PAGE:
Sunday, January 15, 2012

Removing The Nonskid

     It is easy to see the condition of the nonskid - port side deck represented in pictures here.  The original gelcoat application might have been applied a few mils too thick judging by the amount of cracking and pulling away from the hand-laid glass work.  Freeze-thaw conditions, over time, have this impact on gelcoat applied much too liberally (from what I have read).  Since the Westsail's decks will be painted, I knew the best approach to dealing with proper paint application over factory molded-in nonskid was to just remove the nonskid all together and come back with a sanded paint product (e.g. Interlux Interdeck).  So, on to the removal...

     The removal of the factory molded nonskid was made relatively easy through use of the Porter Cable 7335, outfitted with 40-grit disks.  The work here represents 1.5 hrs of sanding, and two disks.  My intention here was to go over the worst of the areas on deck (port and starboard side decks), and to get a sense of what I would be up against in bringing the surfaces back to fair, and ready to receive primer.  After some thought, and consultation on the matter, I clearly will need to remove all 'loose' material and then prepare the surface for fairing.  The good news is that nearly all of the deck if free from this type of degradation - leaving larger patches on both side decks, both scuppers, as well as portions of the bulwarks and cabin sides seeing the worst of it.

     My next job, with respect to the side deck nonskid region, would be to take all loose material off with the sander, and prepare for fairing.  Likely the most difficult aspect of removing this loose, cracking gelcoat will be the tighter areas.  One of those tight areas can be easily seen in the picture to the right:  raised nonskid surface to the radius transition of the cabin sides.  A careful and controlled removal of this material might be a challenge for the 7335, and so as I have been recently reminded, my future will at some point see taped fingers and loose sheets of sandpaper. #agony!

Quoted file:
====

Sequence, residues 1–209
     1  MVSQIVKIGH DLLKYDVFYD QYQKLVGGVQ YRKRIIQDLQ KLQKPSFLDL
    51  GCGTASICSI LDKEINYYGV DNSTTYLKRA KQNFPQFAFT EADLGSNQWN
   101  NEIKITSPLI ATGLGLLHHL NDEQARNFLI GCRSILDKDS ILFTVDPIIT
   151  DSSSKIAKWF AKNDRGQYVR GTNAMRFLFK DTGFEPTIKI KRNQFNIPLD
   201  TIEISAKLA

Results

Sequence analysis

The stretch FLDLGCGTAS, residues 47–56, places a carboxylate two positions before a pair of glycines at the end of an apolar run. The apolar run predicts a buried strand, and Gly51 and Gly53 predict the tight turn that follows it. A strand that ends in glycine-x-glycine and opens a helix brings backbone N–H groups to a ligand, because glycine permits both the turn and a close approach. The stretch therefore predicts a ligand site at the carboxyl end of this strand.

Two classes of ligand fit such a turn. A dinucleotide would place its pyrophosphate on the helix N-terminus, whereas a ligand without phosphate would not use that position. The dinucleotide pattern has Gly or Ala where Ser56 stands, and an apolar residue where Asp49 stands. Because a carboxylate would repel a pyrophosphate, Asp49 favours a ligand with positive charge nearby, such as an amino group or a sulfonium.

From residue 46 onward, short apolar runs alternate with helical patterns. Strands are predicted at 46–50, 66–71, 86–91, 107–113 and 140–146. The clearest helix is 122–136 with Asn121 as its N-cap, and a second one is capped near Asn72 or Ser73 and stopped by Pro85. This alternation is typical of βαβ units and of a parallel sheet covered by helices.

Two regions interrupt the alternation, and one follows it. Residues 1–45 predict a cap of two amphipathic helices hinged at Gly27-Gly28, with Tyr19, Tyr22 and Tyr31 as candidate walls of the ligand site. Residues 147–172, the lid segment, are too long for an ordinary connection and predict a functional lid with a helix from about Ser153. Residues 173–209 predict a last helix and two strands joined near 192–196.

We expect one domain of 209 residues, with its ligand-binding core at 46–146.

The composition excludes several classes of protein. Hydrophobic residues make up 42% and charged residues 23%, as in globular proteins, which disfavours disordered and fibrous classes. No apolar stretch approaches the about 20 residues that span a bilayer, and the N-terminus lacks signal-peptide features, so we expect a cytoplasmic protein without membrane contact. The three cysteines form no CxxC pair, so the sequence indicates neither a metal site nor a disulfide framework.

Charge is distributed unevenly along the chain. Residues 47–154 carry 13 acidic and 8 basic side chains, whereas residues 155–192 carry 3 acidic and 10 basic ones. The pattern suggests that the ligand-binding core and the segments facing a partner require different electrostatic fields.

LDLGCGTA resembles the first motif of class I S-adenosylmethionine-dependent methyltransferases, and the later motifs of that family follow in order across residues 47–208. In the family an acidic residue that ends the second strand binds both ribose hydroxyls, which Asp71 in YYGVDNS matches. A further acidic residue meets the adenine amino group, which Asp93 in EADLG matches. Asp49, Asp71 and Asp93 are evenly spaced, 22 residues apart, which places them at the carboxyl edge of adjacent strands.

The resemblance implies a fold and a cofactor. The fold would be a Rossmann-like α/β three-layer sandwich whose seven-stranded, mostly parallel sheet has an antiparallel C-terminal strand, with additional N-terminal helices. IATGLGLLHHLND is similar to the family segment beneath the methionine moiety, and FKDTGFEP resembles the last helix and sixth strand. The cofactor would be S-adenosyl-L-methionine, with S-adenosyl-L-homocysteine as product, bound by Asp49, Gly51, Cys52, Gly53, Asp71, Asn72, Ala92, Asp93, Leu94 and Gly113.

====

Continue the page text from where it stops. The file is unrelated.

The fairing work will require some finesse no doubt.  My concern with total removal of the molded nonskid plus the gelcoat is that I might be left with a nonskid region that no longer sits 'proud' of the surrounding glossy surfaces (i.e. the cabin sides and bulwarks).  Because there are regions of the side decks that are not suffering from this condition, I may be forced to remove all material for the length the side deck and then blend the surface levels at the foredeck.  We shall see...there is still some sanding work ahead, and clarity will be achieved through the impending dust storm, aching forearms, and ever-vibrating hands!
                                                                                        Pictured at left, the aft portion of the port side deck as it makes its transition to the scupper depression.  Aft of the scupper and at the foredeck, all gelcoat is strong and in good shape - though the nonskid surface will still be taken down.

Date of Work: January 12th, 2012; 2.5 hrs
Date of Work: January 14th, 2012; 1.5 hrs